You cannot attend the interview with him in Casablanca, you will need to wait outside of the consulate. If you do decide to go to Morocco when the interview is scheduled, he could also bring your passport inside with him to try to show the CO that you are currently in Morocco, but they don't always allow additional evidence like that to be shown. You could still go and wait outside and be there for enotional support before/after the interview..
  8. RJandHamid


    Yes there is a doctor in Rabat. Dr. Mourad Maach Rue Er riyad Residence Riyad- A - Apt:2 Place Africaine, Hassan Rabat Tel: 0537-73-77-77
  9. Always be truthful. It isn't unusual for the Casablanca consulate to ask about how you met and to provide initial chat logs from the very beginning of the relationship. When you met her in 2015, were you officially divorced or had you just started the process? Not trying to bring up morality, but the consulate will certainly take those events and dates into heavy consideration. Have you gone back to visit her since 2015?
  10. I visited 4 times before we filed the K1 visa. Had lots of photos of us together and with family. I still recommend going the CR1 route and getting married perhaps on your next visit. In general, the more visits you have before filing the petition (for both K1 and CR1), the higher your chances are for an approval.
  11. RJandHamid


    The NOA2 approval is mailed to the USC.
  12. Is she listed on your insurance as your spouse or your fiancée? And as long as she isn't listed as your spouse, it probably wouldn't hurt to take it to the interview. It's fairly unlikely the CO will look at it though, I would focus more on proof of visits and communication between the two of you.
  13. The DS-5535 is currently taking around 1 year for processing in Casablanca (someone here on VJ was just approved after waiting 13 months). Do they still have her passport? You could be hearing very soon, and it would be unfortunate if you were to go and marry now, and then the DS-5535 processing is completed and she is 'approved' but cannot use the K1 visa. But I understand your desire to try to move on to the CR1 because the wait under AP is just so unknown. You could go ahead and get married, but they may ask for evidence that the K1 petition was either refused or expired when your fiance (wife) goes for her interview. And she could still be asked to submit the DS-5535 again after a CR1 interview, especially if they note that it was not fully processed the first time. You are stuck in a situation where there is no clear good or bad path. If I were in your situation, I'd wait until the end of the year to see if any progress is made with the DS-5535. Then consider the option of marrying in the new year. I hope everything works out for you.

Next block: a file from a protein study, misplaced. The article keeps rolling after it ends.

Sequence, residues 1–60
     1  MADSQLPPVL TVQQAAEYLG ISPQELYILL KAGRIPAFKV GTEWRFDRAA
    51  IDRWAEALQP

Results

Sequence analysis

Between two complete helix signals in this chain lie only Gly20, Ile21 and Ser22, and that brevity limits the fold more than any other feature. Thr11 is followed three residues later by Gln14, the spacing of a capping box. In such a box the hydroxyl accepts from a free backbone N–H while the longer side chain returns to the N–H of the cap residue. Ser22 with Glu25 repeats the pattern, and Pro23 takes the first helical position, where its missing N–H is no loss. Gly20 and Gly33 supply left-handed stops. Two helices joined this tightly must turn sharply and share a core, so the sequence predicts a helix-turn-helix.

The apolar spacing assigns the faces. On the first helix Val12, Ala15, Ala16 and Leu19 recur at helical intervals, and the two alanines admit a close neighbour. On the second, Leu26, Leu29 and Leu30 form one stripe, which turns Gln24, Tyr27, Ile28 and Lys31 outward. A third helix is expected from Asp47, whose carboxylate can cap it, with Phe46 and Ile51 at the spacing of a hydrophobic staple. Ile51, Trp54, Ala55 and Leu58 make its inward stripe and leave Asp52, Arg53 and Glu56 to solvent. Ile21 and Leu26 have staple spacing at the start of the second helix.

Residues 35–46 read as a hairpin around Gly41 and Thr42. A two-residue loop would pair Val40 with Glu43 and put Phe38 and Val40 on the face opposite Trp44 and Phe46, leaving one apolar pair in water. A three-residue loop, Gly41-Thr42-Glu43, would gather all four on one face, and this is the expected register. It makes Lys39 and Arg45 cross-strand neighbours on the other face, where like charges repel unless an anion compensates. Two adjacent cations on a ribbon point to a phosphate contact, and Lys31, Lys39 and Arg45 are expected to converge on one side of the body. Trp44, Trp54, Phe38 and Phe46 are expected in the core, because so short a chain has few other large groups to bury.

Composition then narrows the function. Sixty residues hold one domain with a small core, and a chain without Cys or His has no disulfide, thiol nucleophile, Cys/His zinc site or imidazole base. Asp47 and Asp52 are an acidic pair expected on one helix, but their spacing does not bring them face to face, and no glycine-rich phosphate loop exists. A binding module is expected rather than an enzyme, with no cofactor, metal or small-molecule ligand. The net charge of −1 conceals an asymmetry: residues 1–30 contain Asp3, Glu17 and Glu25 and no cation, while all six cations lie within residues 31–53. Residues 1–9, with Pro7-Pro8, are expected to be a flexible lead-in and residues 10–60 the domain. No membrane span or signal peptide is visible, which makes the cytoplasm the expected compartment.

14. The Casablanca consulate is known for taking a while to schedule the interview. You can try to speed things up by emailing them letting them know that you are ready to interview. Send and email to: IVCasablanca@state.gov In the email you should include: First and last names of petitioner and beneficiary Date of birth of both petitioner and beneficiary CSC Receipt number (WAC...) NVC Case number (CSB....) Email them once a week or so until you get a response. Their response to you will include documents that have a list of things that will need to be brought to the interview.
  15. What are you trying to pay for? You pay the visa fee at the interview in Casablanca (for K1 visas).